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Child support for special needs children in Virginia

Figuring out child support in a divorce is a complex enough matter under any circumstances. It requires you to show financial evidence and the court to use a formula to decide on the payment amount. As you experience life changes, you can seek a modification of the original child support order.

But what about when you have a child with special needs? How does that affect the amount and duration of the payment in Virginia?

When the child is under 18

All minor children, regardless of health status, qualify for child support. The difference with a special needs child is that the court will factor in any additional expenses Virginia law does not already cover when determining the amount. Examples of further costs are therapy, special education, social skills development, job training and medical treatment. The definition of special needs includes any medical, physical or emotional condition.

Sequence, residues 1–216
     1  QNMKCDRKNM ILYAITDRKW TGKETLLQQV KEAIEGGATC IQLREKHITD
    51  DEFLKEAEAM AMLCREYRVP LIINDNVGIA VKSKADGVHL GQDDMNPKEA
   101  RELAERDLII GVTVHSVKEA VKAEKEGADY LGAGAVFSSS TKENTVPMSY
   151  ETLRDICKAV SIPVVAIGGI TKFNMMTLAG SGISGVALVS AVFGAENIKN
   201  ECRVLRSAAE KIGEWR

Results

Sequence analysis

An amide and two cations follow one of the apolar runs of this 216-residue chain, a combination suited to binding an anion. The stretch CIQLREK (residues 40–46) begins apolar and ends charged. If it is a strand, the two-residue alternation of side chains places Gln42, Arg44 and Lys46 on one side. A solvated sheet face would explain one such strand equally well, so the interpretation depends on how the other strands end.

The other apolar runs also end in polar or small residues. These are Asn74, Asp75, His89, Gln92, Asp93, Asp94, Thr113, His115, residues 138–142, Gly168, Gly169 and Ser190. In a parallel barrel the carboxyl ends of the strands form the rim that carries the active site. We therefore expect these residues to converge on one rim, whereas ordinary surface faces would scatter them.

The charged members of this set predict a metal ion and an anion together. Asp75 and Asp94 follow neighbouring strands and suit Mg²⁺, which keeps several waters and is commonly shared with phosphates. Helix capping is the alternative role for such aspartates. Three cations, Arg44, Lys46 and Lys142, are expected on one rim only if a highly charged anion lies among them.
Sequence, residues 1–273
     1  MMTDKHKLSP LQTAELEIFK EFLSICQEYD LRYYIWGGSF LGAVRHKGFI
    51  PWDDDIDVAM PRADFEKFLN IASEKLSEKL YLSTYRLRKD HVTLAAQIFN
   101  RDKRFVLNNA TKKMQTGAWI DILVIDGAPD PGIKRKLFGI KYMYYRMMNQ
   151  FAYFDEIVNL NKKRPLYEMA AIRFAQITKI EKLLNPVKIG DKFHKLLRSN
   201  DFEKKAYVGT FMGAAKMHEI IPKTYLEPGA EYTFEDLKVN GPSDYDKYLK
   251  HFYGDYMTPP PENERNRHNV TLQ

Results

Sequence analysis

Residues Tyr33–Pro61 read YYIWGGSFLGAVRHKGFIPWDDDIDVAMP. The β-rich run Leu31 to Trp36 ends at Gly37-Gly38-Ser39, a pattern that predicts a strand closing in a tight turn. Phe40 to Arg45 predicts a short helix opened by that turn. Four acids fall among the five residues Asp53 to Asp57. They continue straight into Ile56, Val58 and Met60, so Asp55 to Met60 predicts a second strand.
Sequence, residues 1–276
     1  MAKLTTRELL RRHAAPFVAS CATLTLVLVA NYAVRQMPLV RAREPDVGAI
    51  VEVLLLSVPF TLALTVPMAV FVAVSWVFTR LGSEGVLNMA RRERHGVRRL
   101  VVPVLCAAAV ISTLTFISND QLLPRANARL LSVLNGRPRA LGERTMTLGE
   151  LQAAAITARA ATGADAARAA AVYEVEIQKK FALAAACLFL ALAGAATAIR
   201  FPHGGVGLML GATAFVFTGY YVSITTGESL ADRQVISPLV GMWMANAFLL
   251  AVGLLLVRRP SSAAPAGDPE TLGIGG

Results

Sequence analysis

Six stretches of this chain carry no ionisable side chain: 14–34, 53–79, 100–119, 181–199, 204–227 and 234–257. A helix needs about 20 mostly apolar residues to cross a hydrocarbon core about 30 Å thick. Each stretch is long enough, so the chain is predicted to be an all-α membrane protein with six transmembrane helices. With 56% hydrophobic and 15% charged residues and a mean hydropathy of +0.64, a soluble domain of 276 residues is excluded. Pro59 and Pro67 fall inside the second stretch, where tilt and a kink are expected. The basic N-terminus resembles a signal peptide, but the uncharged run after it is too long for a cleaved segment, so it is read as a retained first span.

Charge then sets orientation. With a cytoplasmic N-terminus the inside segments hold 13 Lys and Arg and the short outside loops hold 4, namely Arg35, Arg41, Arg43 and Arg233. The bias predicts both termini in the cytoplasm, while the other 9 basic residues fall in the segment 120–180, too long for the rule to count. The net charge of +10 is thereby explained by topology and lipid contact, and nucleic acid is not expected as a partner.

When the child turns 18

Under normal circumstances, child support obligations end at the age of 18 (unless the child is still in high school, living at home and financially dependent on the parent receiving the child support payments). However, for those with special needs, child support can continue into adulthood as long as they meet the following requirements:

  1. The disability already existed before age 18 and is severe and permanent.
  2. The adult child can neither support himself or herself nor live independently.
  3. The adult child lives with the parent receiving the child support payments.

In the past, this rule only applied to orders already in place. However, an amendment to the law now allows parents to initiate an original child support order for a divorce that happens after the child’s 18th birthday if the child meets the above qualifications.

Whether you are the payer or payee, your adult child should not have to suffer for your divorce. Speak to a family law attorney with experience in these kinds of cases to help with the financial security of your special needs son or daughter.

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